To create the effect for yourself:
- Select the surface of the figure you wish to make a bubble. For my image, I used a sphere primitive, so there was only on surface. For more complex figures (like Genesis), there may be multiple surfaces you'll need to select, or some you may have to set to "null" in Reality in order for it to render correctly, like the jaw and mouth surfaces of most figures (usually hidden by the face surface, but since the bubble is translucent, it'll show through and look... well, weird).
- Set the Lux Material to "Glass," then copy the settings in the image. I looked up the index of refraction (IOR) and film thickness of soap bubbles, so this will save you the work of finding it yourself.
- Make sure Glass Type is set to "Architectural." This gives the best bubble effect. Otherwise, it looks more like a glass sphere than an airy bubble.
- Set your Reflection and Transmission colors to white, then select a multicolored texture for your Reflection Map. For your convenience, I will share the texture I made for the reflection map (circled in red on the image; see below for a link). You know how bubbles have all those pretty colors? Setting a psychedelic reflection map is a good way to simulate this. It's easy enough to make your own in your paint program of choice: swirl around a rainbow gradient over a pale yellow background, then blur to taste. You can also find images of bubble solution online, but I find this works best (and avoids copyright issues).
- Leave all other settings ALONE! This is important: KEEP THE OPACITY AT 100%! Yes, bubbles are translucent, but the Lux Material takes care of that for you, so there's no need to mess with the opacity (otherwise, it looks like a poorly superimposed picture).
- Render as usual. Render your scene as you normally would.
On a side note, in my experience, shiny objects like bubbles, plastic, metal, etc. tend to benefit from IBL lighting, because it gives them more scenery to reflect back.
I hope you found this tutorial useful!
A comparison of the bubble with and without the reflection texture applied:
The reason it looks strange when set to non architectural glass is that the sphere primitive gives a solid sphere, so with the index of refraction set to 1.33 it acts like a glass lens, where as a bubble is a hollow sphere.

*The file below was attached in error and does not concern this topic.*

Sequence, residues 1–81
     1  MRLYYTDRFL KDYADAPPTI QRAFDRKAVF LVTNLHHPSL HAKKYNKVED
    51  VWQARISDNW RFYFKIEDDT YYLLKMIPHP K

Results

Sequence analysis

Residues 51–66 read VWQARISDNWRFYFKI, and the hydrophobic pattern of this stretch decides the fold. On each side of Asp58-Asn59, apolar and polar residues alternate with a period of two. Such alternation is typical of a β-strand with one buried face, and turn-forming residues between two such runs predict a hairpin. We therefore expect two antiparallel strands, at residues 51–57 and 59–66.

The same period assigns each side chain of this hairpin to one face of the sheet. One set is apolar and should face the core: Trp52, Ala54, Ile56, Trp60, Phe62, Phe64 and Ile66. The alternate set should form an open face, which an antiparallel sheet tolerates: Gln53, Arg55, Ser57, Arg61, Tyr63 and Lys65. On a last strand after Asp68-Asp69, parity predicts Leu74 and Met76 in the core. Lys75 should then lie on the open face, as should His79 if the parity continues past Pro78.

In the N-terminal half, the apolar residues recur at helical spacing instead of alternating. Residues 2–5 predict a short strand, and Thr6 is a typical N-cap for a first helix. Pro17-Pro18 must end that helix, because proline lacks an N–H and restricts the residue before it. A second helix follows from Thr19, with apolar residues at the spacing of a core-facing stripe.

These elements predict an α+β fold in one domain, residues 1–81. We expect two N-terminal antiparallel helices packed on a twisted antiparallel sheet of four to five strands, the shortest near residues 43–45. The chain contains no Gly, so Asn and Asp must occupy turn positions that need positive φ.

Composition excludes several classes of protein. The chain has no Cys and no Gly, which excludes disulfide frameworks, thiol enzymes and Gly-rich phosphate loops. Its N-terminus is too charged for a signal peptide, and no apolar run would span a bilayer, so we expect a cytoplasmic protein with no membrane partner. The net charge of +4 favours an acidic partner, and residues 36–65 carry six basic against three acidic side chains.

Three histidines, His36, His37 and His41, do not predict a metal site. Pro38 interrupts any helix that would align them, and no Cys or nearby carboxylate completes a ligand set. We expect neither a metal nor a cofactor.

Still a very pleasing result in simulating the bubble!
It would be interesting to see how well a modelled bubble would work; not sure if the bubble wall thickness could be modelled to be sufficiently thin to cause the thin film effects; I know someone has made a prism image that splits the light, but it also required a mod to the exported text file sent to lux... What would be interesting would be having the ability to apply a map to the thin film itself, so that the film thickness varied by the amount of the texture, then the colours would be generated by the actual variation in thin film thickness and light conditions!
en.wikipedia.org/wiki/Soap_bub… en.wikipedia.org/wiki/Iridesce… en.wikipedia.org/wiki/Thin-fil…
As for modelling the very thin wall of a true bubble, this might not be so hard using the geometry shell feature in Studio. Create your bubble, shape it a bit with some D-Formers, and then apply a shell to it and set the offset is something tiny like .01 or .001.
I would not be surprised if that was the case; can you link to any info that shows how to do that for the thin film? (either by editing one of the files or some such?) - is this also an ability possible via Blender?
I also guess the 'shell' feature is a studio 4 feature, and I must admit to not having installed 4 yet (4.6 is it now I think?)
Thanks for the additional info, would be interested to see more on this! `¬)
LuxBlend supports ALL features of LuxRender, since that's the exporter that the Lux devs themselves maintain, and they always make sure it supports everything.
To edit the files Reality generates, you'd look in the .lxm file for the MakeNamedMaterial of the surface in question. You'll see that it has specified the film as "color film" [r g b] and index as "float filmindex" [f]. If you change those from "color film" to "texture film" or "float filmindex" to "texture filmindex", you can point them at any arbitrary texture of the appropriate type (e.g., film needs a colour texture, filmindex needs a float texture). You can load a colour texture by duplicating what Reality generates for Kd, for example, and specifying the desired image file. For float textures, duplicate what Reality generates for Ks and set to desired file.